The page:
My memory is that I reach for this pattern frequently, but I don't currently have any code on-hand that does this.


In 255948 lines of just Swift code, excluding empty lines and comments (collected by cloc):

Occurrence of @algal's regex



Occurrence of for .+ in .+ ?? \[\]: 14

In a 500k+ line codebase I have access to I see 210 results for this regex. A lot of this code was written by people not familiar with Swift idioms so probably half of those fall into the stored optional array anti-pattern, however many of them are the result of optional chains and other reasonable code patterns.

Apologies if someone has mentioned this before, but why can't we just add .orEmpty() like Kotlin has?

extension Optional where Wrapped: Sequence {
    func orEmpty() -> AnySequence<Wrapped.Element> {
        switch self {
        case nil:
            return AnySequence(EmptyCollection())
        case .some(let s):
            return AnySequence(s)

let nilAsCanBe: [Int]? = nil

for i in nilAsCanBe.orEmpty() {
    // ...

Trivial to implement, easy to read, no language changes, no further overloading ?. (Bikeshed the name all you want.)

Edit: Fixed very sloppy non-compiling code.

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Yeah, this was one of the possibilites that came up, which I listed in my summary. I added a link to the summary into the original post to hopefully make this more discoverable.

Interesting. It makes me wonder why Sequence.reversed() returns an array in the first place. Why not return a Sequence?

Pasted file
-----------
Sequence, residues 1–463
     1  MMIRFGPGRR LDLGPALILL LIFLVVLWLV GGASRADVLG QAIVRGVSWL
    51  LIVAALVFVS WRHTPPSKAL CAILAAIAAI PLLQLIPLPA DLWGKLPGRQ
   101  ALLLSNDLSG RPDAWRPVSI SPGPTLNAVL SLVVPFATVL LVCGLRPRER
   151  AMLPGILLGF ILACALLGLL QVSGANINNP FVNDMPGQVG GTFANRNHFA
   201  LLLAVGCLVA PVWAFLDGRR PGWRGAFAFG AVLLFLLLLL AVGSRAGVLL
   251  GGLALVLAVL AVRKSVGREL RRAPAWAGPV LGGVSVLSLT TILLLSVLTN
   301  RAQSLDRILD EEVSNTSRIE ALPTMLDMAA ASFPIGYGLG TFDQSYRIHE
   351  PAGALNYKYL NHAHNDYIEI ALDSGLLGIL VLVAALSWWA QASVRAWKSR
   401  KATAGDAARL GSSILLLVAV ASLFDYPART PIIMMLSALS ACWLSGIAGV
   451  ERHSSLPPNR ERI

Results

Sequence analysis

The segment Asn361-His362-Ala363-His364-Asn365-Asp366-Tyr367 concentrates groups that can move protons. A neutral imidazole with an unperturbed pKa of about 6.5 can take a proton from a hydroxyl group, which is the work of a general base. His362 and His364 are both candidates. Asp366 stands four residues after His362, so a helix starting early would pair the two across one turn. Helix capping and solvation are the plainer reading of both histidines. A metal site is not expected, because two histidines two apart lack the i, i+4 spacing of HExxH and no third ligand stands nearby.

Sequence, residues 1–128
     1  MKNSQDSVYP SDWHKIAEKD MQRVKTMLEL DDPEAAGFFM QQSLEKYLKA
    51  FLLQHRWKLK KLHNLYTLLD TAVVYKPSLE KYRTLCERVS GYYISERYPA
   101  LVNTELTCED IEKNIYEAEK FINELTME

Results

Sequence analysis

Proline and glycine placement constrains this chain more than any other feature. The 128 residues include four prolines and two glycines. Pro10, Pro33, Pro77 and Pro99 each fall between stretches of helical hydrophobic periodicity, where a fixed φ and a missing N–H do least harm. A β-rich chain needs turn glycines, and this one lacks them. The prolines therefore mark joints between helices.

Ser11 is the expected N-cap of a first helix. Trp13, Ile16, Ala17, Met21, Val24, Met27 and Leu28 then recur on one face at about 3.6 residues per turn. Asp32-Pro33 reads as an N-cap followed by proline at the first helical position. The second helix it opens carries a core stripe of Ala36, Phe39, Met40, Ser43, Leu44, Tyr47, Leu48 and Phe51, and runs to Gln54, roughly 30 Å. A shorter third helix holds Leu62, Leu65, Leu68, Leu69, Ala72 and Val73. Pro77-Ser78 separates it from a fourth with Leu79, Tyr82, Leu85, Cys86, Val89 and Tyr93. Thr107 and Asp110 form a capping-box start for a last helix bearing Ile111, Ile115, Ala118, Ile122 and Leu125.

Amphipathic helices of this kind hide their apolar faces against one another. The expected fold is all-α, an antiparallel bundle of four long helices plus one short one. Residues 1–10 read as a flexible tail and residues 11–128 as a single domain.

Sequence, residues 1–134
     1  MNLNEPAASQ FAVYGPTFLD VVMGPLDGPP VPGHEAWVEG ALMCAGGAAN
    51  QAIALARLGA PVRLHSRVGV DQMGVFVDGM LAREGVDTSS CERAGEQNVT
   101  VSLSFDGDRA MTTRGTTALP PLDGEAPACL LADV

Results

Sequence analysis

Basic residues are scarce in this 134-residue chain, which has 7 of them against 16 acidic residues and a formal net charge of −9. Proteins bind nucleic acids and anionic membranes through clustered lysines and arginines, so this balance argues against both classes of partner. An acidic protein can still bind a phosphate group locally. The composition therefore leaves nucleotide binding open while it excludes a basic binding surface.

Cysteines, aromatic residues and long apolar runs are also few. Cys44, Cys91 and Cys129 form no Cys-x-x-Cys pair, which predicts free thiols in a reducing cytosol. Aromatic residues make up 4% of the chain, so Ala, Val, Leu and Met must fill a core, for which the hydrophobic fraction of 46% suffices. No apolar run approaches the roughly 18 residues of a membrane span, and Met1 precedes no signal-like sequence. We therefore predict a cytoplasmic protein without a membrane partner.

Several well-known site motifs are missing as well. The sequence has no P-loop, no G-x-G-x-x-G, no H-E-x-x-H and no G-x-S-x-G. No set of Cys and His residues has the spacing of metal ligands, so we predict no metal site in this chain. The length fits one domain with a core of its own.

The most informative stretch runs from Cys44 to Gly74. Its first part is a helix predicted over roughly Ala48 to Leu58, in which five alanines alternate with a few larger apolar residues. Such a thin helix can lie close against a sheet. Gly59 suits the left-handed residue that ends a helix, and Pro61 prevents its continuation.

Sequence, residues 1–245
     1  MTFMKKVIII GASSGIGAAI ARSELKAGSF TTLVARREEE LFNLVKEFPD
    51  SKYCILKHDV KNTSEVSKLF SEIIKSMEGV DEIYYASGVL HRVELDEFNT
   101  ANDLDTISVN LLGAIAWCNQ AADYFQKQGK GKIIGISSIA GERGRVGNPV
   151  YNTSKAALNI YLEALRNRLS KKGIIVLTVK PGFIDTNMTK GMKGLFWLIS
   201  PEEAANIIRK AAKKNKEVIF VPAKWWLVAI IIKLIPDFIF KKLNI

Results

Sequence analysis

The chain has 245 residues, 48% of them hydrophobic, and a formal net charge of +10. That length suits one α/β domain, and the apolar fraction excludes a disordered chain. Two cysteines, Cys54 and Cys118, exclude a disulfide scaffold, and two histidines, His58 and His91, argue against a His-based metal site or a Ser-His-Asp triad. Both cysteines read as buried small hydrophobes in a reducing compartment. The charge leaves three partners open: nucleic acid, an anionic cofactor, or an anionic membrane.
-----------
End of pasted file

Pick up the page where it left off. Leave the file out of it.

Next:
The issue AIUI is that there are overloads that do both, and ?? [] contextually leaves only the array-producing form as a possibility.


The pattern .+ in .+ \?\? \[\] produces only 1 true positive:

for e in n.geometry?.elements ?? [] { … }

and many false positives such as:

for set in a1 { x4.formUnion(set ?? []) }


let objs: [TagItem] = { selTagName in document.catalog.tagItems.filter { $ == selTagName } } ?? []

in our 200k line codebase.

And the pattern if[[:space:]]let[[:space:]]*\w+[[:space:]]*=[[:space:]]*.*[[:space:]]*\{[[:space:]]*for produces zero matches. I had to double check by removing the last "for" which resulted in a lot of matches so for some reason our code base doesn't have a single occurrence of if let a = b { for.

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In just over 100K lines of Swift, excluding empty lines and comments (cloc); I found 5 instances using @algal's regex for:

  • if let ... for ...
  • for ... in ...?? []

I still don't see the driving need for this; re a few of these instances could fairly easily be avoided.


I only see one returning Array. I mean if Sequence.reversed() returns the same Sequence type(Self)—which feels very natural—the problematic code won't compile at all. There must be good reasons that the current API returns Array instead of Self(same for sorted()), what are they?

To reverse something that doesn't provide iteration from the last to first element (not just sequences, but forward-only collections as well), you must stream all the elements into some kind of storage first, then return them in reverse order. If you're going to do that, it may as well be an array because having an array is a useful thing to have. You could instead return some kind of opaque reversed thing, but that wouldn't help – you still have to allocate memory for all those elements.


Re your discussion with @Ling_Wang
That trap seems very specific to the combination of .? and ?? []. Neither of the following IMO would result in this:

  • Rust's unwrap_or
  • Java's orElse
  • Scala's getOrElse

...and I certainly can't easily recreate that with a similar extension method.